J. Dewhurst, P. J. Toplis and J. H. Shepherd: Ivalon sponge hysterosacropexy for genital prolapse in patients with bladder exstrophy. Br. J. Obstet. Gynaecol., 87: 67–69, 1980.PubMedCrossRefGoogle Scholar
  6. 6.
    A. H. Bennett: Exstrophy of bladder treated by ureterosigmoidostomies: long-term evaluation. Urology, 2: 165–168, 1973.PubMedCrossRefGoogle Scholar
  7. 7.
    H. Lepor, E. Sharpio and R. D. Jeffs: Urethral reconstruction in boys with classical bladder exstrophy. J Urol, 131: 512–515, 1984.PubMedGoogle Scholar
  8. 8.
    H. J. Mesrobian, P. P. 4. Kelalis and S. A. Kramer: Long-term followup of cosmetic appearance and genital function in boys with exstrophy: review of 53 patients. J Urol, 136: 256–258, 1986.Google Scholar
  9. 9.
    H. G. Mesrobian, P. P. Kelalis and S. A. Kramer: Long-term followup of 103 patients with bladder exstrophy. Journal of Urology, 139: 719–722, 1988.PubMedGoogle Scholar
  10. 10.
    G. Audry, C. Grapin, S. Loulidi, M. Gruner and J. Brueziere: Avenir genital des garcons atteints d’exstrophie vesicale ou d’epispadias avec incontinence. Ann Urol, 24: 120–124, 1991.Google Scholar
  11. 11.
    M. K. Hanna and D. 1. Williams: Genital function in males with vesical exstrophy and epispadias. Br J Urol, 44: 169–174, 1972.PubMedCrossRefGoogle Scholar
  12. 12.
    A. Zabbo and R. Kay: Ureterosigmoidostomy and bladder exstrophy: A long-term follow-up. Journal of Urology, 136: 396–398, 1986.PubMedGoogle Scholar
  13. 13.
    J. F. Eid, P. Rosenberg, K. Rothaus, D. Mininberg, L. Hoffmann and E. D. Vaughan: Use of tissue expanders in final reconstruction of infra pubic midline scar, mons pubis and vulva after bladder exstrophy repair. Urology, 41: 426–430, 1993.PubMedCrossRefGoogle Scholar
  14. 14.
    F. Marconi, P. Messina, P. Pavanello and R. de Castro: Cosmetic reconstruction of the mons veneris and lower abdominal wall by skin expansion as the last stage of the surgical treatment of bladder exstrophy: a report of three cases. Plast Reconstr Surg, 91: 551–555, 1993.PubMedCrossRefGoogle Scholar
  15. 15.
    M. P. Krisiloff, P. J. Puchner, W. Tretter, M. T. MacFarlane and J. K. Lattimer: Pregnancy in women with bladder exstrophy. J Urol, 119: 478–479, 1978.PubMedGoogle Scholar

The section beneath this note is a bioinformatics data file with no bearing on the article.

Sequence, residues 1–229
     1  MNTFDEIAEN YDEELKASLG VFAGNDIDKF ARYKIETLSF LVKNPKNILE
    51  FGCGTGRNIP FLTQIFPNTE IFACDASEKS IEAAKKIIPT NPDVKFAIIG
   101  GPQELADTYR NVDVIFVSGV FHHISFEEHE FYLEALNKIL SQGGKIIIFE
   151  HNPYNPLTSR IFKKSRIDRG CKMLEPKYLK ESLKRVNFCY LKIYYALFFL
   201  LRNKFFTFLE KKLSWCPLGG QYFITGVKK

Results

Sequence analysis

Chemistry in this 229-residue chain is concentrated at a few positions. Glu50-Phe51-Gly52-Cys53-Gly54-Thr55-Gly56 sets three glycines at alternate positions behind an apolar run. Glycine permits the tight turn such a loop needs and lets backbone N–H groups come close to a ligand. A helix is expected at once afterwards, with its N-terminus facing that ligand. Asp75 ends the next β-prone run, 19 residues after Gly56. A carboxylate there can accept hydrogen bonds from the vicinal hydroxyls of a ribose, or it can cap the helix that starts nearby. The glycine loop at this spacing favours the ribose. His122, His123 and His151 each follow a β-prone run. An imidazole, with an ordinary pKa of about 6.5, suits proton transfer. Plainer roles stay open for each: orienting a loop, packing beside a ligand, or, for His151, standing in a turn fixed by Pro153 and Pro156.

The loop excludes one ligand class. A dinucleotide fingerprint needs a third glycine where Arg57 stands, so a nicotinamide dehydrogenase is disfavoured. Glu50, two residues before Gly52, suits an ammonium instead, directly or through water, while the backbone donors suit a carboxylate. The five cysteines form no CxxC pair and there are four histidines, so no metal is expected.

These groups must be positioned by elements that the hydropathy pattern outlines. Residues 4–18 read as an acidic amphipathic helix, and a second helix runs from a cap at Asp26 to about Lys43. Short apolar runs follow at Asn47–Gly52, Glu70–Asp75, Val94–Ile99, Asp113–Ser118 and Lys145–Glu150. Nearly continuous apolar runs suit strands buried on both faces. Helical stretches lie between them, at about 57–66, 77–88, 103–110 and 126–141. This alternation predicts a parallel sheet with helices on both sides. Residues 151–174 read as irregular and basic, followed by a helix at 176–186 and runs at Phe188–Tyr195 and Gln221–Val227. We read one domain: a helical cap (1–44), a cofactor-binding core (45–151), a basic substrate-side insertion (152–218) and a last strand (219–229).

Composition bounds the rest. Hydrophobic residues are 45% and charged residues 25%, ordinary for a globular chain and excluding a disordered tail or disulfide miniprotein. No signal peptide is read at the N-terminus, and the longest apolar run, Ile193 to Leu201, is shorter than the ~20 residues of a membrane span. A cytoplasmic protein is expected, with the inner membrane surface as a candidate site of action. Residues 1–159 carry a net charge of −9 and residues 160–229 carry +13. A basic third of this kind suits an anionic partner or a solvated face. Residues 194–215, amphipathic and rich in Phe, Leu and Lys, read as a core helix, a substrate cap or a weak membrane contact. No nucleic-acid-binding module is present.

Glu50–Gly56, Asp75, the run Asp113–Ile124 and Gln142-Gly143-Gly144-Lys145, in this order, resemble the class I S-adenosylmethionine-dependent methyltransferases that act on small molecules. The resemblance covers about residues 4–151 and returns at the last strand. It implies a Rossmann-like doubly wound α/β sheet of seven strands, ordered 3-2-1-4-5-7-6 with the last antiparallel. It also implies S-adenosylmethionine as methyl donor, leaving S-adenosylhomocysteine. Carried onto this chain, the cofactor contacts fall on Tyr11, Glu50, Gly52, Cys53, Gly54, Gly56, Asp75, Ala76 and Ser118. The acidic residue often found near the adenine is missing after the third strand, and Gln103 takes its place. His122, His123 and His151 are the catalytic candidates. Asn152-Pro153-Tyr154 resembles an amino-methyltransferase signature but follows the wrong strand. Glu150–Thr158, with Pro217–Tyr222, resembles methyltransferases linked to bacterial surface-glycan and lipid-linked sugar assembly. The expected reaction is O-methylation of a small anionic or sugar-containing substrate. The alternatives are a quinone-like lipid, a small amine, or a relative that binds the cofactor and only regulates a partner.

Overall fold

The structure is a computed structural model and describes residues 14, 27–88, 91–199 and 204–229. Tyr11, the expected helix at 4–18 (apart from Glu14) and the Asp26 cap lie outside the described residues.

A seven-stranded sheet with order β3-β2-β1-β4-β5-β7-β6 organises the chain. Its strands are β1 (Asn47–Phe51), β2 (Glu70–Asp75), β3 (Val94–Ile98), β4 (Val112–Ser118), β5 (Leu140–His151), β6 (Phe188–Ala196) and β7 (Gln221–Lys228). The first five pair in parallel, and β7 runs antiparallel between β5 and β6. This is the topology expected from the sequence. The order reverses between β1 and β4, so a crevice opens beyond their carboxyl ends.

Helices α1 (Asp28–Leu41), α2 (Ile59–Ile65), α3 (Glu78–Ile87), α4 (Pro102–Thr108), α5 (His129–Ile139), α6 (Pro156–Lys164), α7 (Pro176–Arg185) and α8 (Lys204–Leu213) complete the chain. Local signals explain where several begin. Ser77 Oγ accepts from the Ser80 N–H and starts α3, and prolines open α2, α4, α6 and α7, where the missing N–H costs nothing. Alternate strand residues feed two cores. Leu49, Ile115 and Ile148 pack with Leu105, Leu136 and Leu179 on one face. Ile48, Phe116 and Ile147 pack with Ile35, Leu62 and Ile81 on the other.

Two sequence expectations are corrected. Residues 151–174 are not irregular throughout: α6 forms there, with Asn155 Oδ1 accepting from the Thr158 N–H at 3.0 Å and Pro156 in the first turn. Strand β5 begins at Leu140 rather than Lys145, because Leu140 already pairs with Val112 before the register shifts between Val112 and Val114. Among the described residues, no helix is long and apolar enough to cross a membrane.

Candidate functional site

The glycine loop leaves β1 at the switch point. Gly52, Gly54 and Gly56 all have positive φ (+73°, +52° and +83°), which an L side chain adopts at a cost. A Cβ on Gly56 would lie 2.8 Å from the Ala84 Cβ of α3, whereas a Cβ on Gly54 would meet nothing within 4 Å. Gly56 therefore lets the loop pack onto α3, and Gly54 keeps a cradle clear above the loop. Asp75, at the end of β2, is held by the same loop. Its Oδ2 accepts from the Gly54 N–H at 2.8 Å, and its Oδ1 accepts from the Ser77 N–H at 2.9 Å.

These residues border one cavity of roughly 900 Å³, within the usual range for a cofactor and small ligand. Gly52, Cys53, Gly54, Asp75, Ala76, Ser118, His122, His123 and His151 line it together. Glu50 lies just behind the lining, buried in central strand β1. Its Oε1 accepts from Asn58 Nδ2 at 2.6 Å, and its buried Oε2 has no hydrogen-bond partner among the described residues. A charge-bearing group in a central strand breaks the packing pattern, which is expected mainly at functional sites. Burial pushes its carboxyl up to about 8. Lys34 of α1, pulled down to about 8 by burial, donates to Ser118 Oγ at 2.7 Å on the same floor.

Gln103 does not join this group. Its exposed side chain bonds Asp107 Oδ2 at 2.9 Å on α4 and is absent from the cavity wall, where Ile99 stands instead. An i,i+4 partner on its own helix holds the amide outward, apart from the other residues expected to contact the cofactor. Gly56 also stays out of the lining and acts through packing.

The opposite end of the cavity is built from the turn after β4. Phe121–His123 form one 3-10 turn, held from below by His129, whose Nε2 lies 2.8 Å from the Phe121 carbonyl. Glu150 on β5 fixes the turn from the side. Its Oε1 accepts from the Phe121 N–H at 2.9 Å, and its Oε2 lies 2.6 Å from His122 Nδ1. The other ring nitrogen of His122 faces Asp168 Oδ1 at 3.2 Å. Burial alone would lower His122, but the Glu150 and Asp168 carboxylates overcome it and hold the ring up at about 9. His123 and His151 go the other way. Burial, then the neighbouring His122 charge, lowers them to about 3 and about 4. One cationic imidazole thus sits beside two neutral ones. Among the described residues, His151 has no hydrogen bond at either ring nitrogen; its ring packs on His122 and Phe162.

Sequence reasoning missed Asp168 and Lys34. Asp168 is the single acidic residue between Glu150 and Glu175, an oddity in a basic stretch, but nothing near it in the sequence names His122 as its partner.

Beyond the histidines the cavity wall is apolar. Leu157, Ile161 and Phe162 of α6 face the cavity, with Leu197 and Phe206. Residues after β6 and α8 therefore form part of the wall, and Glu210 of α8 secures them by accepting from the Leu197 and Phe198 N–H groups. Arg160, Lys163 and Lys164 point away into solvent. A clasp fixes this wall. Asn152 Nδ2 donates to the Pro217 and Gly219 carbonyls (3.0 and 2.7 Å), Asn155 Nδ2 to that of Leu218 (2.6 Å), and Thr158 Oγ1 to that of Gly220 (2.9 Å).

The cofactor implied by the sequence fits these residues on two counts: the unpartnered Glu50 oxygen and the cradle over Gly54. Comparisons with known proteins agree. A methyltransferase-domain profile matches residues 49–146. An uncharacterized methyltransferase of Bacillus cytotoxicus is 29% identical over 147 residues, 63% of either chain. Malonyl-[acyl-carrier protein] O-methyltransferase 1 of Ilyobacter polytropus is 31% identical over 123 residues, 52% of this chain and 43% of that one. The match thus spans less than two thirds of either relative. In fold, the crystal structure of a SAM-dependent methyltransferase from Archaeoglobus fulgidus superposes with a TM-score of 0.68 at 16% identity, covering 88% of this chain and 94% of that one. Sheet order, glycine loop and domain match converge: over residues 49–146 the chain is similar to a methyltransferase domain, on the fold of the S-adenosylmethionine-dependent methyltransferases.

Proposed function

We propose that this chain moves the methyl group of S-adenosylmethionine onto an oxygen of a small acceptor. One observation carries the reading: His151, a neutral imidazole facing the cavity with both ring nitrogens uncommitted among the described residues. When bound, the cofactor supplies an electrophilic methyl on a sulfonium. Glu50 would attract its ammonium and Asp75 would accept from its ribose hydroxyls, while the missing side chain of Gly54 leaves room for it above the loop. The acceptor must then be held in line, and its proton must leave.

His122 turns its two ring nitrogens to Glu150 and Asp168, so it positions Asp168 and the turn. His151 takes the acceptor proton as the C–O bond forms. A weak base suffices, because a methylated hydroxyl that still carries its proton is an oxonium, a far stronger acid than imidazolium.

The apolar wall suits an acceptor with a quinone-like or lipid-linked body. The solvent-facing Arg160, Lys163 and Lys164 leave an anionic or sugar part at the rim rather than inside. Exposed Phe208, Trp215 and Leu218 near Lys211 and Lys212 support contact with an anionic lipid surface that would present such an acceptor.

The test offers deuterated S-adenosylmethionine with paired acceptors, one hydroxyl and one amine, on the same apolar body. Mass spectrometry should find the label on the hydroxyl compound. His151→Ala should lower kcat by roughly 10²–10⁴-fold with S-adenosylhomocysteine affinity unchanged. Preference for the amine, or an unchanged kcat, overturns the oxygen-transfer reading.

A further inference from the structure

16. 16.
    E. W. Overstreet and J. F. Hinman: Some Gynaecologic aspects of bladder exstrophy. West. J. Surg. Obestet. Gynaecol., 64: 131–137, 1956.Google Scholar
  17. 17.
    C. Clemetson: Ectopia vesicae and split pelvis. Br. J. Obestet. Gynaecol., 65: 973–981, 1958.CrossRefGoogle Scholar
  18. 18.
    E. Sharpio, H. Lepor and R. D. Jeffs: The inheritance of the exstrophy-epispadias complex. J. Urol., 132: 308–310, 1984.Google Scholar
  19. 19.
    W. A. Kennedy, H. T. W., E. A. Reiley, H. E. Fox and T. Haus: Pregnancy after orthotopic continent urinary diversion. Surg. Gynecol. Obstet., 177: 405, 1993.Google Scholar
  20. 20.
    J. P. Gearhart and R. D. Jeffs: Exstrophy of the bladder, epispadias and other bladder anomalies. In: Campbell’s Urology. Edited by R. C. Walsh, A. B. Retik, T. A. Stamey and E. D. Vaughan. New York: Saunders, 2, pp. 1772–1821, 1992.Google Scholar
  21. 21.
    M. D. Bastuba, M. M. Alper and R. D. Oates: Fertility and the use of assisted reproductive techniques in the adult male exstrophy/epispadias patient. Fertil. Steril., 60: 733–740, 1993.PubMedGoogle Scholar
  22. 22.
    G. Palermo, H. Jorisk, M.-P. Derde, M. Camus, P. Devroey and A. van Steirteghem: Sperm characteristics and outcome of human assisted fertilization by subzonal insemination and intracytoplasmatic sperm injection. Fertil. Steril., 59: 826–830, 1993.PubMedGoogle Scholar

Copyright information

© Springer Science+Business Media New York 1999

Authors and Affiliations

  • Raimund Stein
    • 1
    • 2
  • Margit Fisch
    • 1
  • Rudolf Hohenfellner
    • 1
  1. 1.Department of UrologyJohannes Gutenberg University, Medical SchoolMainzGermany
  2. 2.MainzGermany

Personalised recommendations